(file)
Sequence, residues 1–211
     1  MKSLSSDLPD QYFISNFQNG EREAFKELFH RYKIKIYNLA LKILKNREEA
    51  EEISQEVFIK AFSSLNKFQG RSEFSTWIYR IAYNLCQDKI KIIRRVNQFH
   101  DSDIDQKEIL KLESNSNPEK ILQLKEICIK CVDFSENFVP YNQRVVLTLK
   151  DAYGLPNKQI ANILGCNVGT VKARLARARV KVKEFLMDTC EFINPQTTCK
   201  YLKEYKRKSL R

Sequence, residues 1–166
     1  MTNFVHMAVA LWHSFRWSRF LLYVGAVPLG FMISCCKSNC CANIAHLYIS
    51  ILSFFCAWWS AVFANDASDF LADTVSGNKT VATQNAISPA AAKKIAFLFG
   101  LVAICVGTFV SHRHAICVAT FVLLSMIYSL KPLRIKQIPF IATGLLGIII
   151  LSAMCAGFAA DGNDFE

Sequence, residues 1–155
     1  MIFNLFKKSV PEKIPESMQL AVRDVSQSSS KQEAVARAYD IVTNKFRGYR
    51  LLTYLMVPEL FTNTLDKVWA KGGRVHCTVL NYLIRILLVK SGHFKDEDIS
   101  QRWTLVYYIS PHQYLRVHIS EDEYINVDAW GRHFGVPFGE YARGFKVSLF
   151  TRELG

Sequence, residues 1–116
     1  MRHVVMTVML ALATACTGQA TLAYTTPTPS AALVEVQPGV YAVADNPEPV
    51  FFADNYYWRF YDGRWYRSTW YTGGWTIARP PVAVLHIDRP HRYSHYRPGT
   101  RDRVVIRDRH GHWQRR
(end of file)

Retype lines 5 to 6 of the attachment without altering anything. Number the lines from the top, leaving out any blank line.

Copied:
   151  DAYGLPNKQI ANILGCNVGT VKARLARARV KVKEFLMDTC EFINPQTTCK
   201  YLKEYKRKSL R